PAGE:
"Rule 1100 mandates that it is the Commonwealth's obligation to commence a trial no later than the prescribed time from the filing of the written complaint unless excused upon a showing of due diligence. Therefore, the mere issuance of a bench warrant does not automatically render the defendants unavailable; the Commonwealth must prove in addition to the fact that the bench warrants were issued, that they used due diligence thereafter to try and find the defendants." (emphasis in original)

This approach suffers from the defect that it fails to consider the responsibility of a defendant who has been admitted to bail. Pa.R.Crim.P. 4013 provides:

*354 "When a person is admitted to bail, the conditions of the bail bond shall be that such person will: (a) appear before the issuing authority or court at all times required until full and final disposition of the case; (b) submit to all orders and process of the issuing authority or court; (c) give written notice to the issuing authority, the clerk of courts, the district attorney, and court bail agency or other designated court bail officer, of any change of address within forty-eight (48) hours of the date of such change; (d) comply with any specific requirement of release which may be reasonably imposed by the issuing authority or court to assure compliance with the conditions of bail, such as satisfactory participation in a designated program; (e) obey such other conditions as the issuing authority or court may impose, or any reasonable conditions as the court bail agency or other designated court bail officer may impose with leave of court."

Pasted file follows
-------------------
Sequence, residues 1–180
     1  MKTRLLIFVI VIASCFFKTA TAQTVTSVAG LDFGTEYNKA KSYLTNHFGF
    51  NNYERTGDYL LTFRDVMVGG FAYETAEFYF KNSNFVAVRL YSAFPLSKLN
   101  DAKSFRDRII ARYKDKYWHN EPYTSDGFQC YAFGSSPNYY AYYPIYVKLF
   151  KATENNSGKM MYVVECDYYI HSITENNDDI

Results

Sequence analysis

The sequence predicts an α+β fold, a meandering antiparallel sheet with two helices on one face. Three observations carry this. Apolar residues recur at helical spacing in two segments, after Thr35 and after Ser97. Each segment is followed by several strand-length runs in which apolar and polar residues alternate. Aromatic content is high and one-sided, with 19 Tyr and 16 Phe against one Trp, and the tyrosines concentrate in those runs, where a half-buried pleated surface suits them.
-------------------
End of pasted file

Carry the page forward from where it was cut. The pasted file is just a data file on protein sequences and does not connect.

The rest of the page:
Where a defendant undertakes to accept the status of bail during the pendency of court proceedings he assumes the responsibility of making himself available for any court appearances required of him in connection with the action, upon receipt of reasonable notice. To focus solely upon the conduct of the Commonwealth not only ignores the defendant's dereliction of an obligation, but also places him in the position of possibly benefitting from his own wrongdoing. Where the delay results from the defendant's willful failure to appear at the appointed time it is obviously not the type of harm envisioned in the protections sought to be afforded by the speedy trial guarantee. To the contrary, the delay is directly attributable to the fact that he was in a bail status, and not in custody, and that he deliberately abused that prerogative.

The factual situation presented in this appeal is clearly distinguishable from that presented in Commonwealth v. Mitchell, 472 Pa. 553, 372 A.2d 826 (1977). There, we were concerned with the Commonwealth's due diligence in serving *355 the warrant of arrest upon the accused. In that setting we held the fact that the defendant was not located would not be treated as excluding any period of time required to ascertain his whereabouts absent a showing that the Commonwealth had exercised due diligence in attempting to locate him. In substance, we were saying that the Commonwealth would not be excused for a delay occurring because it failed to make a reasonable effort to locate the defendant. However, that situation differs from one where the defendant has the obligation to be available and is aware of the appointed time and place where his presence is required.

In Mitchell we relied upon the Comment to Rule 1100 which provides:

". . . in addition to any other circumstances precluding the availability of the defendant . . ., the defendant should be deemed unavailable for any period of time during which he could not be apprehended because his whereabouts were unknown and could not be determined by due diligence . . ." (emphasis added).